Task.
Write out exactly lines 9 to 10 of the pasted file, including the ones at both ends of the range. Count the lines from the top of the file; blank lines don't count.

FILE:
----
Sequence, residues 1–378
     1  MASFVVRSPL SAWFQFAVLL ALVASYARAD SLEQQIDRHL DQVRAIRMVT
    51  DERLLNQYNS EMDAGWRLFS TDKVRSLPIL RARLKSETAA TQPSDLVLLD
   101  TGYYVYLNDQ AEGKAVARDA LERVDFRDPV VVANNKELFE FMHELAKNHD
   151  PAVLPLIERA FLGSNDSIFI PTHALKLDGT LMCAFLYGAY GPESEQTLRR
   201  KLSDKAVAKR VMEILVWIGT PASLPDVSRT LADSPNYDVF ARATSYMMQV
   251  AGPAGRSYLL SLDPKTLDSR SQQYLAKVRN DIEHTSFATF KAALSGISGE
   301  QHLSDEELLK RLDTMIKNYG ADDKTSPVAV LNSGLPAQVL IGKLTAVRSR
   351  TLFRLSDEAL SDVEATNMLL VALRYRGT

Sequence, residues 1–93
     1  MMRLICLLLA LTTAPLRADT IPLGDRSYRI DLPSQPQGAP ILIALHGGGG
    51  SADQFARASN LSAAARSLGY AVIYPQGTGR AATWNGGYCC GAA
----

   351  TLFRLSDEAL SDVEATNMLL VALRYRGT

Sequence, residues 1–93